There were an estimated 160,000 men in the Volunteer Force by the outbreak of the First World War in 1914. By that time, Britain had passed the Government of Ireland Act, which would provide Ireland with Home Rule once the war was over. By Home Rule they meant Ireland would have its own parliament in Dublin to govern Irish affairs. Ireland would still be part of the British Empire and Britain would still have overall control, especially for foreign affairs.

This was enough to satisfy Redmond and most of the Volunteers, who duly enlisted to fight for Britain. However, about 13,000 Volunteers refused to go. These were the men Clarke thought could be used in a rebellion. The IRB didn’t trust the British to keep their word about Home Rule. It didn’t matter to them in any case as they didn’t want Home Rule; they wanted full independence.

Clarke’s long record of support for the IRB and nationalist causes, together with his prison record for the London Dynamite campaign, meant he was probably better known to the British authorities than most of the other leaders of the Rising. For this reason, he kept in the background as much as possible. He was also wary of being betrayed, as he was in the Dynamite Campaign. Nevertheless, he kept working behind the scenes and was the guiding hand in much of the IRB’s activities.

Planning funeral of Jeremiah O’Donovan Rossa

He made a huge contribution to the nationalist cause when he arranged the funeral of O’Donovan Rossa, who died in America in 1915. Clarke saw immediately how a funeral for such a venerated Fenian could help boost the nationalist cause, but to gain maximum effect, it needed to be held in Ireland.

As a close friend of Rossa and his family, Clarke was able to obtain the agreement of Rossa’s widow to bring back the body back to Ireland and have the funeral in Dublin. Large meetings were banned at the time but Clarke reasoned that the authorities could hardly object if people turned out to pay their respects at a funeral.

Due to his reputation, Clarke stayed in the background as much as possible and got Thomas MacDonagh to oversee the funeral arrangements.

It turned out to be a huge event as Clarke had hoped with hundreds of thousands of people turning out to watch the funeral procession. It was a graphic display of latent Irish nationalism at that time. But Clarke didn’t stop at that, again wishing to remain in the background, he asked the relatively unknown Patrick Pearse to deliver the funeral oration at Glasnevin Cemetery.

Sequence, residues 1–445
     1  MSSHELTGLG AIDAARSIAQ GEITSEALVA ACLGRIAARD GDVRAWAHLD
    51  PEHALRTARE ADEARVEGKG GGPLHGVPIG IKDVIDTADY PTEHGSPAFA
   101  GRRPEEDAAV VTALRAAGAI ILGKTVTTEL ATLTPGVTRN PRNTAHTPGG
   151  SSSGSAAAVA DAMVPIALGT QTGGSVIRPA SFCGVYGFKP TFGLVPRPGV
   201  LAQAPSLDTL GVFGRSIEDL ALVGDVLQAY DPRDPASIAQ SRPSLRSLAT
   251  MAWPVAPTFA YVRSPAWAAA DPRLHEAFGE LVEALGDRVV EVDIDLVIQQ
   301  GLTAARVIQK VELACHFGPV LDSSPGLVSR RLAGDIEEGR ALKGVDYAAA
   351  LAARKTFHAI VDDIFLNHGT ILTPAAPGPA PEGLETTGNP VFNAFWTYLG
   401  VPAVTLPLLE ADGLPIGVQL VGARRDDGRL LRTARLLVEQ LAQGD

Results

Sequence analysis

‘Make it hot as hell, throw discretion to the winds’

Pearse was aware of the sensitivity of the occasion and the danger of provoking the authorities so he asked Clarke for advice on how he should set the tone of the oration. Clarke replied: “Make it hot as hell, throw discretion to the winds.”

Pearse went on to deliver one of the most memorable and powerful speeches of all time in Ireland. His closing lines have gone down in history and still resonate today: “The fools, the fools, the fools! They have left us our Fenian dead, and Ireland unfree shall never be at peace.”

Padraig Pearse speech at funeral of Jeremiah O'Donovan Rossa. Image copyright Ireland Calling

Clarke and MacDiarmada were by this time the two most effective leaders of the IRB. In 1915, they set up the Military Council to plan an uprising. One by one over the following year another five members were appointed to the Council: Patrick Pearse, Éamonn Ceannt, Joseph Plunkett, James Connolly and Thomas MacDonagh.

They became the seven signatories of the Proclamation of the Irish Republic and members of the Provisional Government.

Clarke was the oldest signatory to the Proclamation and so was given the honour of being the first to sign. He was stationed in the GPO during the action and was executed by firing squad at Kilmainham Gaol 3 May, 1916.

1916 Easter Rising leaders Padraic Pearse, Thomas Clarke and Thomas MacDonagh were executed. Image copyright Ireland Calling

‘In this belief we die happy’

Shortly before he was executed, he gave his wife Kathleen this Message to the Irish People. It read:
“I and my fellow signatories believe we have struck the first successful blow for Irish freedom. The next blow, which we have no doubt Ireland will strike, will win through. In this belief, we die happy.”

Thomas Clarke, Easter Rising 1916. Image copyright Ireland Calling

Like the other Easter Rising leaders, Clarke has been commemorated in various ways in Ireland. He has featured on postage stamps and the Clarke Railway Station at Dundalk is named after him, as are various sports clubs and societies.

No one person alone was responsible for the 1916 Easter Rising, but Clarke did as much as any of the leaders on the Military Council and more than most to bring it about.

Easter RisingMore on Irish history

Personalised framed prints

Stunning personalised framed prints in the style of the Book of Kells

Stunning Illuminated Letters based on the ancient Book of Kells


Sign up to our FREE newsletters

Please click on your confirmation email,
Check your junk mail folder in case it gets sent there.

»crosslinked«

Copy Protected by Chetan's WP-Copyprotect.